In May each year we visit the Isabella Plantation. In this floral haven in Richmond Park azaleas blossom along the edges of streams and ponds, where their spring display of a myriad different and delicate colours is simply breathtaking.
At the height of the season earlier this year, Rohan and I stood on one side of the tiny, and aptly named ‘Still Pond’, and looked across the water with its mirror-flat surface. The azaleas opposite were at their magnificent best but as I was staring there was a second image that made me ponder. On the bank ahead I could see the azaleas which were real. On the surface of the water, however, there was the upside down reflection of a tree growing several metres behind the azaleas (see illustration). Clearly the two views were generated differently but somehow it didn’t seem to matter – my mind made the necessary adjustments and very soon the real and the reflected images were seen as one continuum and a beautiful one at that.
Being faced by disparities between the real and the unreal is actually common, and never more obvious than when one uses the Internet to see and talk with others on a screen. I am not thinking here about virtual reality that relies on simulations, rather about being linked with others through the likes of Zoom, FaceTime or Skype and sensing them as real.
I became very aware of such unreality when I linked up with Thierry, my UK-based French teacher. Before the pandemic, we met for lessons twice a week in person at a local cafe. When the first UK lockdown began in 2020 we switched to lessons on Skype with Thierry at his home in South London and me in my study in Richmond. Very quickly, as I listened and learned, Thierry could not have been more real – this otherwise unreal him had become the norm. Interestingly, the new arrangement had one great advantage, we were able to work together on a text using a shared image on screen!
Last week, after we had arrived in Brittany – yes, despite the complications presented by Covid and Brexit we finally got here – the unreality of our relationship became particularly striking. I had arranged to have one last session with Thierry before re-establishing my customary face-to-face holiday lessons with Marie, my language teacher in France. Suddenly I realised that my lesson with Thierry was thanks to a link between me in Tréguennec and him in Crete – he too was on holiday. Yet, in the real world we were four thousand kilometres apart and in two different countries. Even if being with him was as unreal as it could be, it just felt normal. The office wall behind him had changed and his shirt was more summery, but that was all.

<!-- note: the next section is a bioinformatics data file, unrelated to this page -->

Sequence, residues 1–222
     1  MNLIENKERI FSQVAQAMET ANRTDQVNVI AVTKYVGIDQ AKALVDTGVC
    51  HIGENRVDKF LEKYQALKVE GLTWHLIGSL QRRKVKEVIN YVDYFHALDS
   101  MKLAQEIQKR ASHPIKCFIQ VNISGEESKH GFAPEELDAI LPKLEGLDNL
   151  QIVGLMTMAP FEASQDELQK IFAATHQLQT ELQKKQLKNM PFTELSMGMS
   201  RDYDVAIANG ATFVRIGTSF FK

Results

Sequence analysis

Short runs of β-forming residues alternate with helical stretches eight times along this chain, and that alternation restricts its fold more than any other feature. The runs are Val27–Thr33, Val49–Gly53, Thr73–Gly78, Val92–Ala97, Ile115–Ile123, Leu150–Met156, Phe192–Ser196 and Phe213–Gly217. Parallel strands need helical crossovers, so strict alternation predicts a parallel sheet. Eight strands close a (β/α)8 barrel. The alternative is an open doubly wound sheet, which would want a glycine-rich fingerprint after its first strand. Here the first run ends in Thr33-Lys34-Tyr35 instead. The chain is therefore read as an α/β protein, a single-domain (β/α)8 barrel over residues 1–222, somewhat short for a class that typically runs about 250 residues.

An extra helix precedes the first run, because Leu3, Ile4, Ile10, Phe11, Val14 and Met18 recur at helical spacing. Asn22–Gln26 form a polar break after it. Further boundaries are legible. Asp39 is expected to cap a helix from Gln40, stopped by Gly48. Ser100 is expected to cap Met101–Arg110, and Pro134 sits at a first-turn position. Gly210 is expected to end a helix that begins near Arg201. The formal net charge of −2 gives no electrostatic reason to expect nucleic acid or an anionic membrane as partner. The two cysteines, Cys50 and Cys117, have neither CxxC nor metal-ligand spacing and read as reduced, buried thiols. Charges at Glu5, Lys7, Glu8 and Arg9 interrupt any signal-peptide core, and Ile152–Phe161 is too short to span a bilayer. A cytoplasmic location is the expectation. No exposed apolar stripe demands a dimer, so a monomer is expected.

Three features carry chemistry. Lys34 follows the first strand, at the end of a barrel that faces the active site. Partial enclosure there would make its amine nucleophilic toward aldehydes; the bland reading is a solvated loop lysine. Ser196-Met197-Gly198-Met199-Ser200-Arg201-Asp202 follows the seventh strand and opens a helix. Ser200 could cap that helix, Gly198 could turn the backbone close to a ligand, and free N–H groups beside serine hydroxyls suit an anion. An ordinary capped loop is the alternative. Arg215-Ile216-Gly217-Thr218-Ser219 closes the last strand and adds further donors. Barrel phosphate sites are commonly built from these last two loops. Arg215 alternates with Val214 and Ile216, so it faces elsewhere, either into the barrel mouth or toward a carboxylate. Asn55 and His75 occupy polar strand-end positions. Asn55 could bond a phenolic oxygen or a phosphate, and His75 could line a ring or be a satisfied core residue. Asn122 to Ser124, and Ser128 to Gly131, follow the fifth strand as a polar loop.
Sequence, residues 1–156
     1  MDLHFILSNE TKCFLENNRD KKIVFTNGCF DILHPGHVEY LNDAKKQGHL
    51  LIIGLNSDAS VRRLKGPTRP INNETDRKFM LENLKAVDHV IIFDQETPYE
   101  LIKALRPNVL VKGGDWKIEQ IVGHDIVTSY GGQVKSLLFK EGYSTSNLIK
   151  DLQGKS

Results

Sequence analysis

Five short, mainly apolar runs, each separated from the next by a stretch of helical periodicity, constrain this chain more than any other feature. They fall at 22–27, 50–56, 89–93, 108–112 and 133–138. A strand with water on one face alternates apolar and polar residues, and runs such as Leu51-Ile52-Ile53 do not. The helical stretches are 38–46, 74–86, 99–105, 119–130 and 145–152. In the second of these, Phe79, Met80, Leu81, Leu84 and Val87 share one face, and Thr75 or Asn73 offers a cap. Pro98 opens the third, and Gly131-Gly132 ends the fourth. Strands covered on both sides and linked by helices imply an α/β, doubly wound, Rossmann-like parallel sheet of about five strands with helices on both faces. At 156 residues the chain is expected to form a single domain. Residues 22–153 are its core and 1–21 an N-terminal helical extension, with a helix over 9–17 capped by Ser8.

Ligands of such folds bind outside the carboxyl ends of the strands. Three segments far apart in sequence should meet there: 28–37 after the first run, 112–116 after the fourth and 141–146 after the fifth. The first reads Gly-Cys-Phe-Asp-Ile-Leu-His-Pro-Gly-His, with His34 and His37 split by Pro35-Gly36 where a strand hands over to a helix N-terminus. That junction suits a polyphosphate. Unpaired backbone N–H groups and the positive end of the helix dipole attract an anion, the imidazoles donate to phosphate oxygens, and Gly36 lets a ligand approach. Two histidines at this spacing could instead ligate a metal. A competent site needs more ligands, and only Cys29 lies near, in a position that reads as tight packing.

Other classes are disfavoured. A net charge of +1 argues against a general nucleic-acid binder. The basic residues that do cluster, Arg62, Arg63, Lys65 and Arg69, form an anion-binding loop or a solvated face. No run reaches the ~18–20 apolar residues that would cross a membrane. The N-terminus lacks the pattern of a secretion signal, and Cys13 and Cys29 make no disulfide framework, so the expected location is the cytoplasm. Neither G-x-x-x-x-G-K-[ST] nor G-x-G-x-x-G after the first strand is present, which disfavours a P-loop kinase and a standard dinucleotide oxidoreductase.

My musings over reality had actually been brought into focus just before we left for France. We had gone to say our goodbyes to our son Joshua and our grandson River. At one moment Rohan showed River, who is now aged 3½years, the photo she has of him on her mobile phone. “Who’s that?” she asked, to which a proud River replied “It’s me”. Rohan then added: “I take you with me wherever I go.” After some contemplation, River turned to us all and said “Why are we real?”
None of us adults knew how to answer his question, not only because he is so very young but because, at least from my personal experience, reality is such a hard concept to define. However, while finding a definition is difficult, knowing which things are real and which are not seems relatively easy. Moreover, for me as I get older, deciding on the difference is becoming increasingly important.
And, by the way, the Isabella Plantation, which has the air of a quintessential English garden is not as ‘real’ as it might first appear. For example, the wondrous azaleas come originally from Japan, while the natural-looking garden itself with its flowers, lakes, streams, trees is the product of years of landscaping with elements begun in a boggy area of the Park in the eighteenth century. Finally it’s name, which has been linked to a gardener’s wife or daughter is more likely to be a corruption of the word ‘isabel’ which appears on an early map of the Park to indicate that the soil at that spot is dingy or greyish yellow.